THIS WEEK IN ROCK
July 7th to July 13th
Two versions of "Sh-Boom" hit the US Top 10. The original version by a
Black group called The Chords was at #9 and the cover version by a White
group from Canada called The Crew Cuts was at #5.
Ricky Nelson's "Poor Little Fool"
enters the US charts, where it will eventually reach number one.
David Rose, known for his movie scores and string albums, had the number
one song on the Billboard chart with "The Stripper", a number he had
written years before as a bit of comic relief for his orchestra.
Sonny And Cher perform their new single
"I Got You Babe" on US TV's Rock and Roll show,
The Monkees began a 29 date tour with
Jimi Hendrix as a support act. Hendrix
was dropped after eight shows, being told that his music was not
suitable for a young audience.
The Lovin' Spoonful's Steve Boone and
Zal Yanofsky are arrested for drug use. The pair later implicated some
of San Francisco's best-connected drug suppliers.
The Yardbirds wrapped up their final US
tour before splitting up. Guitarist Jimmy Page was determined to keep
the act going, renaming a new line-up The New Yardbirds. Keith Moon of
The Who is rumored to have said "...it'll probably go over like a led
the final name change.
ABBA members, 26 year old Bjorn Ulvaeus
and 21 year old Agnetha Faltskog (the blonde) are married in Verum,
Sweden. They would divorce in 1979.
Paul McCartney releases "Live and Let Die", the theme from the James
Bond movie of the same name. It will reach #2 in the US and #9 in the
Cher and Gregg Allman become the parents of a son they named Elijah Blue
On the twelfth anniversary of the break-up of The Yardbirds,
Led Zeppelin played their final live
concert in West Berlin. They finished the show with "Whole Lotta Love".
"Relax" by Frankie Goes To
becomes the biggest selling single of all time in Great Britain,
replacing Paul McCartney's "Mull Of Kintyre" for that honor.
Bruce Springsteen's "Born In The USA" went to #1 on the Billboard album
chart for the first of a four week stay. On the strength of seven single
releases, the LP would stay in the Top Ten for a remarkable 84 weeks. It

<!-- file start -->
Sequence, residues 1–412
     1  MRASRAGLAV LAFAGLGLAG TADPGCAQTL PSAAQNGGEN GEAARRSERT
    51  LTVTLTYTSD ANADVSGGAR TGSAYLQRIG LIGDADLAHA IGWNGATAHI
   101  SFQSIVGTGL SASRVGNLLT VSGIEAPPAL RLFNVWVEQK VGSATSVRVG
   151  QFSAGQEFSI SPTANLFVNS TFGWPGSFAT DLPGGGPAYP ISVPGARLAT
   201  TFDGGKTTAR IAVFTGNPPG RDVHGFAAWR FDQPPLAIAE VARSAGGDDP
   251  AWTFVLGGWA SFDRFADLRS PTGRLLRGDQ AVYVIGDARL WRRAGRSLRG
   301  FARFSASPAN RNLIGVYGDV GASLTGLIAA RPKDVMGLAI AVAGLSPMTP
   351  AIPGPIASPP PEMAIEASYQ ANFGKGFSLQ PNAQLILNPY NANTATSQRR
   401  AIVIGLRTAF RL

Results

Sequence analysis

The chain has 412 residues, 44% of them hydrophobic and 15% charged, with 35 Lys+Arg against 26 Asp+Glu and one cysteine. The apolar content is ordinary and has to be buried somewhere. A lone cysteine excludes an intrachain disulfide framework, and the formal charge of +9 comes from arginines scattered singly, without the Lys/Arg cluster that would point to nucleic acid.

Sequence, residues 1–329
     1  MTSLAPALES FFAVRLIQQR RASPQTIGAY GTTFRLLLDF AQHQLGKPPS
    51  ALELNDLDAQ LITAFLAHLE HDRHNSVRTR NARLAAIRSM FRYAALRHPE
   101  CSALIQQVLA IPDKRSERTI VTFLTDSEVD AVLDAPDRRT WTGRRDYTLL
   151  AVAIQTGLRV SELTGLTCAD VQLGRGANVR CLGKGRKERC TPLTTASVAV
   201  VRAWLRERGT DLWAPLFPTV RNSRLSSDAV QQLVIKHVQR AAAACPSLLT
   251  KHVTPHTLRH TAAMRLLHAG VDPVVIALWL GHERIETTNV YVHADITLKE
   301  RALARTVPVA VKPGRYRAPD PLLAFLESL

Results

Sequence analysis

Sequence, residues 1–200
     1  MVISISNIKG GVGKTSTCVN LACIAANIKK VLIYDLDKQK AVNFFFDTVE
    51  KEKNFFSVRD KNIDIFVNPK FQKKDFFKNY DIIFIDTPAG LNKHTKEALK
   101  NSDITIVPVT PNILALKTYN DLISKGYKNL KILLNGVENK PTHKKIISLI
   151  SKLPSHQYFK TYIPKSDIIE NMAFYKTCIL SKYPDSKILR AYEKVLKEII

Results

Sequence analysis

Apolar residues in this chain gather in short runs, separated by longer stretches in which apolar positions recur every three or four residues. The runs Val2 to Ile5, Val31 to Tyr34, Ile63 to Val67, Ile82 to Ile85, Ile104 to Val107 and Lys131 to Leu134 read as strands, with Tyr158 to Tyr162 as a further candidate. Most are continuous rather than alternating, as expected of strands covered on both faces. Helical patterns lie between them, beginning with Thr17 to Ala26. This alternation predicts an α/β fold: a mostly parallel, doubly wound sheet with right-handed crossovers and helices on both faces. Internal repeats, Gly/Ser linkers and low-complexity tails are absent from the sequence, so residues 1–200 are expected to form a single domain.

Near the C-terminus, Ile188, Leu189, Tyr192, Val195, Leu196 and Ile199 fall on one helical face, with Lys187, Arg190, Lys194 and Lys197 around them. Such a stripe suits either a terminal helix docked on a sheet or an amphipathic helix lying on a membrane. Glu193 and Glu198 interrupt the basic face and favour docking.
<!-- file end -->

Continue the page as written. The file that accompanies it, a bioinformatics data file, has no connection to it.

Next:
eventually reached a 15 Times Platinum certification on April 19, 1995
and has sold over 30 million copies worldwide.
CDs started outselling vinyl
records for the first time. The
dominance of CDs virtually wiped out the 45 RPM single
format, as nothing ended up
replacing them. The 3 1/2 inch CD single would die out after
record companies refused to
offer them at a reasonable price.
A jet carrying
Rod Stewart makes an emergency landing
after a mid-air collision with a bird. Aviation officials call the
incident "undramatic", but Stewart is visibly shaken.
Syd Barrett, a founding member and driving force behind
Pink Floyd, died from complications
arising from diabetes at the age of 60. He had dropped out of the group
in April of 1968 and by 1974 had turned his back on the music industry
completely, choosing to retreat to the cellar of his childhood home in
Cambridge where he shunned all contact with the outside world.
Ozzy Osbourne became the first artist
to be honored on a Hollywood-style Walk of Fame in Birmingham, England.
After an earlier private funeral, Michael Jackson's family and fans said
farewell to the King Of Pop at an emotional memorial service at the
Staples Center in Los Angeles.
Berry Gordy, who signed The Jackson 5 to Motown Records in 1968, closed
his eulogy by saying "Michael, thank you for the joy, thank you for the
love. You will live in my heart forever."
Paul McCartney joined Ringo Starr onstage at a concert at New York's
Radio City Music Hall to help
celebrate the former Beatle drummer's 70th birthday. With Ringo's All
Starr Band, joined by Yoko Ono, Joe Walsh, Angus Young and Steven Van
Zandt, Paul belted out "Birthday" and Ringo delivered "With A Little
Help From My Friends".
George Michael expressed his delight
after learning that English tabloid News of the World was
shutting down. As a constant target of the paper, Michael declared that
the announcement is "a fantastic day for Britain."
"Teddy Bear" became
Elvis Presley's eighth US number one
hit in the past fifteen months. It would remain at the top of the
Billboard Pop chart for seven weeks and even led the R&B and Country
chart for a week.
The first Gold record album presented by the Recording Industry
Association of America (RIAA) was awarded to the soundtrack LP,